Sunday, May 18, 2008

blogging's evil twin


I thought I would share my musings on an epidemic that has recently snuck its way onto the homepage of many a college student’s Firefox Mozilla: Juicycampus.com. This site takes blogging and turns it into the mean girl that snickered at your haircut in middle school: it hosts hundreds of college campus’ homepages on which students may anonymously post gossip, rumors, and other not-so-legitimate forms of information about their peers.

Other students have the chance to respond to the statements and rate them on their “juiciness.” This would be all be just dandy if students stuck to valid topics of virtual conversation à la “What did you think of Professor X in class Z?” or “Can someone tell me how to get involved in club Q?” However, the actual posts look a little more like this: “Which girls have gained the most weight since freshman year?” and “Doesn’t X look like she got hit in the face with a shovel?”

As admittedly intriguing and, well, juicy as the website can be, there’s a serious question at hand regarding the definition of online publishing. Though some posts are truthful, at least half of the stuff on JuicyCampus is certainly fabricated information about people. While written defamation of character, libel, is illegal when it comes to magazines and newspapers, can this be said of online publications? Where are the boundaries of “legitimate” virtual publication: can you be sued for something you write on your Facebook profile?

JuicyCampus has issued terms and conditions that state that users may not post content that “is unlawful, threatening, abusive, defamatory, obscene, libelous, or invasive of another's privacy.”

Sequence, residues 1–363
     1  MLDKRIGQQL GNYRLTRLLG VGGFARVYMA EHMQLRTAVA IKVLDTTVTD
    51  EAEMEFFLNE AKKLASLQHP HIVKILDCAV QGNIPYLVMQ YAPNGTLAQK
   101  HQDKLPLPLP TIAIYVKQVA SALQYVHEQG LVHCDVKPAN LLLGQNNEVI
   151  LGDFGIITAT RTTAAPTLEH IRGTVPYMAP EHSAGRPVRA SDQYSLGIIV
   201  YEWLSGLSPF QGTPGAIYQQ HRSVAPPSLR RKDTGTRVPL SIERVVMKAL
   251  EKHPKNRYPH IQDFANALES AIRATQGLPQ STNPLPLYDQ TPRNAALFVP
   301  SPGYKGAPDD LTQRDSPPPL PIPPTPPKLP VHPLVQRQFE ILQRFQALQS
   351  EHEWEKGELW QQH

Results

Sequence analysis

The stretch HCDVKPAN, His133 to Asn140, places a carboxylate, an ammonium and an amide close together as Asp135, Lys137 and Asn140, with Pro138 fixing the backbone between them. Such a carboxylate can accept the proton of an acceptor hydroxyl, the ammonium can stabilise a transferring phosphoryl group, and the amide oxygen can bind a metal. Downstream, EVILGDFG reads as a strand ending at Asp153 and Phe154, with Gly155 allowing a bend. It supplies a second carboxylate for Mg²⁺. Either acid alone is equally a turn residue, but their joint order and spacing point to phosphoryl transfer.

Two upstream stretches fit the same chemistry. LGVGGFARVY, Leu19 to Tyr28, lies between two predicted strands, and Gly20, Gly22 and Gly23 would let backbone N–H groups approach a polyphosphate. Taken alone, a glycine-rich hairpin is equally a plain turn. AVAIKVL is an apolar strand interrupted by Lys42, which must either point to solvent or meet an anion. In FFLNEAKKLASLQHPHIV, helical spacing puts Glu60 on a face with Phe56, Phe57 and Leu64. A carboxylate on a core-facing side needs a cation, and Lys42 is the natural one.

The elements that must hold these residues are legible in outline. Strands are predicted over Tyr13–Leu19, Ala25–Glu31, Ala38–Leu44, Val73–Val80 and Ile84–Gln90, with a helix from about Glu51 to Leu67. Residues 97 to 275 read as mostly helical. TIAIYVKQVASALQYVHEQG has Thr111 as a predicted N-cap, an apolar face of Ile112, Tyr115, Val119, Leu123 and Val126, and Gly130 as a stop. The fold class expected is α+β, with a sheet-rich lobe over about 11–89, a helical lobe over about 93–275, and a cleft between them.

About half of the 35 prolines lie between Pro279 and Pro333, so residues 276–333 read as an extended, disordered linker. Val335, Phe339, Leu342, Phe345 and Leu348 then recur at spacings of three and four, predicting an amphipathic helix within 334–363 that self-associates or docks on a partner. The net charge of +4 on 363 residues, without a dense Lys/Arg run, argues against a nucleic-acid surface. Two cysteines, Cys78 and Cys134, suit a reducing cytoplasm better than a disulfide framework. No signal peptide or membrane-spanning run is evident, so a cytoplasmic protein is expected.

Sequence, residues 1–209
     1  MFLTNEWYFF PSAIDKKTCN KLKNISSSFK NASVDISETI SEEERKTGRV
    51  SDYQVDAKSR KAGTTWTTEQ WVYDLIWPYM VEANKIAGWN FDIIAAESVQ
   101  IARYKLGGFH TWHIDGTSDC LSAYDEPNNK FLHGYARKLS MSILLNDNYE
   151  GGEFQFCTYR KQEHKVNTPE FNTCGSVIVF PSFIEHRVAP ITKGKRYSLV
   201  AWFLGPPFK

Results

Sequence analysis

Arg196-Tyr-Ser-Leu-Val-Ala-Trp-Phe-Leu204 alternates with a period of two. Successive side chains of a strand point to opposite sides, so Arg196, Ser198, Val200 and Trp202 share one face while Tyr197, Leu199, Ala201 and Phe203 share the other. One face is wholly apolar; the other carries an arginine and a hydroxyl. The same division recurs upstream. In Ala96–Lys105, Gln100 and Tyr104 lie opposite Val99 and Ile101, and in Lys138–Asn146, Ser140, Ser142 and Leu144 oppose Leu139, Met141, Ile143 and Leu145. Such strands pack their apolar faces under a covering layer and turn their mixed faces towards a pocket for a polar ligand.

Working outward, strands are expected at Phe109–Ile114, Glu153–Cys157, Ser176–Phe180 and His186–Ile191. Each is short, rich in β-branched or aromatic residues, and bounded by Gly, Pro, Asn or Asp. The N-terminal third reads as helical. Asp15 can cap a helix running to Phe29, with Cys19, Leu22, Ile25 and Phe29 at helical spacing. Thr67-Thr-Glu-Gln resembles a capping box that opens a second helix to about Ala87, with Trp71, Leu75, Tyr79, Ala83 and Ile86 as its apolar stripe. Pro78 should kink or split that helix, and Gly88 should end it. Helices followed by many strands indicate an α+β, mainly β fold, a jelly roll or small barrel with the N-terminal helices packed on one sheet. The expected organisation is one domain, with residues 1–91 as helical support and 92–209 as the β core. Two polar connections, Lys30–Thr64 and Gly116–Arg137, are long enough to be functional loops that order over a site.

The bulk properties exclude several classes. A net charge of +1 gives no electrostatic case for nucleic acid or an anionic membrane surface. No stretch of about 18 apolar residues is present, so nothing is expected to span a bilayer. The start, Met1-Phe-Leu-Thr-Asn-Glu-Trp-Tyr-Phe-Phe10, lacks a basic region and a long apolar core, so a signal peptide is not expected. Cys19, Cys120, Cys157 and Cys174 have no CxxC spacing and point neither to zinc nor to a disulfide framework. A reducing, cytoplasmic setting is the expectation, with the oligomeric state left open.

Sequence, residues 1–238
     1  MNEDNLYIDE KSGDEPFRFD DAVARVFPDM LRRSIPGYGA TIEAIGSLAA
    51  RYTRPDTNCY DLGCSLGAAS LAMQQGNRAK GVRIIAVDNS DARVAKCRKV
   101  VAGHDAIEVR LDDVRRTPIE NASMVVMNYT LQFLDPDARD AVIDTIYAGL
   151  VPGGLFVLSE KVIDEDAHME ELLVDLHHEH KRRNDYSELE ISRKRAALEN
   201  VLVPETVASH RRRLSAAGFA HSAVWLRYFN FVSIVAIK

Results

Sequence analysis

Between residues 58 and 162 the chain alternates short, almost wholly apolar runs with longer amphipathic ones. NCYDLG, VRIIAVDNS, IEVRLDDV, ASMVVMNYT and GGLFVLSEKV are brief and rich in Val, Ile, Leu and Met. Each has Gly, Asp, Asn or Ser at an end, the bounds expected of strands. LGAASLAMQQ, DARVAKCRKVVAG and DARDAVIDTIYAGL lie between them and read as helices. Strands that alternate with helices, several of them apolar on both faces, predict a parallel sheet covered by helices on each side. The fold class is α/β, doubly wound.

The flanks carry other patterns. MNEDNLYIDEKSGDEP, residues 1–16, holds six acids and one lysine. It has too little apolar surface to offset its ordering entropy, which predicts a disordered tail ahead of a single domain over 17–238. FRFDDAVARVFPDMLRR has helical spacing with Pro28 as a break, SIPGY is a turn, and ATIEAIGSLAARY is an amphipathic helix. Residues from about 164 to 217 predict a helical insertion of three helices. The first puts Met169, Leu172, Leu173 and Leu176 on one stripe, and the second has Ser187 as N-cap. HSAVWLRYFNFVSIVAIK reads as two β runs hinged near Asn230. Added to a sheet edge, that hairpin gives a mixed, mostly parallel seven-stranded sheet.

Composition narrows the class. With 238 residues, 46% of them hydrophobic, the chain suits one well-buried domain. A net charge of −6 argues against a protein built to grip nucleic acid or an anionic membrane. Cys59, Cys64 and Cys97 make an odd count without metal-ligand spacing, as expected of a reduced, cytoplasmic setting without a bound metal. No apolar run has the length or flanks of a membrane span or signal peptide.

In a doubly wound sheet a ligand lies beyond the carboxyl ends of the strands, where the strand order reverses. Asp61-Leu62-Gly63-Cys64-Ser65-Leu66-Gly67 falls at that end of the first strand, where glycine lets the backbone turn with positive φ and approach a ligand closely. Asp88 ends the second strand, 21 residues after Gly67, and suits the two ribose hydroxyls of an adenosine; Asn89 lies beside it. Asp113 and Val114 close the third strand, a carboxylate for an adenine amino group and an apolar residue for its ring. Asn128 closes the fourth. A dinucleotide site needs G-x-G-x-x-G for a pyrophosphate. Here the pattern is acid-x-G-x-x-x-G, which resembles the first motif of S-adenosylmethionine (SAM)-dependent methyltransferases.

The problem with this statement is that there is no guarantee that the thousands of students posting on the site will follow the rules, especially since the point of JuicyCampus is to gossip. It’s not as though these students are trying to gain literary prestige through their compelling posts regarding so-and-so’s sexual activities in the library; they are simply trying to evoke amused or horrified reactions out of their contemporaries. And because blog-like websites foster any and all text, it is difficult to patrol every single word that is posted online.

Freedom of speech and the limits of appropriateness have always butted heads, but the Internet gives these two tenets a new battleground on which to fight.

6 comments:

auntie mich said...

thanks for the great insight. this is my first time blogging????????? i only had to call your mom like ten times to figure how to do this.(you know little sisters). you are like our own carrie bradshaw. love you

dgold911 said...

you are right- libelous comments made online are actionable, but how to enforce? its unlikely that college students who are libeled on facebook or websites are going to sue. juicycampus.com is like writing nasty things on a bathroom stall (the way people did in "the old days") except that potentially millions of people can read the vicious gossip. bad, bad bad!

drevno88 said...

Juicy Campus seems like something middle school or high schoolers would be more into than college students. i don't understand why these individuals would rather take the time to gossip about their peers over the internet than to friends around them, then again i'm not a huge gossiper. my school doesn't even show up in 'search' on the website!! no wonder i love CO so much..

i love you!! you inspire me. post more!!

Amy C said...

Great insights into Juicy Campus. I find these catty sights quite upsetting especially since I have a teen daughter. Libel is a tricky thing-esp b/c someone may not want to draw more attention to themselves. Never blogged before but am so excited to read yours.
amy

mag said...

Do you think the sponsor of the blog should be held responsible for enabling libel? They provide the means to publicly disseminate defamatory comments and, in spite of their warning to users about defamation, encourage or entice (and certainly profit) from the art of hurtful gossip. Would a written media publication get away with the same thing? I don't think so.

mag said...
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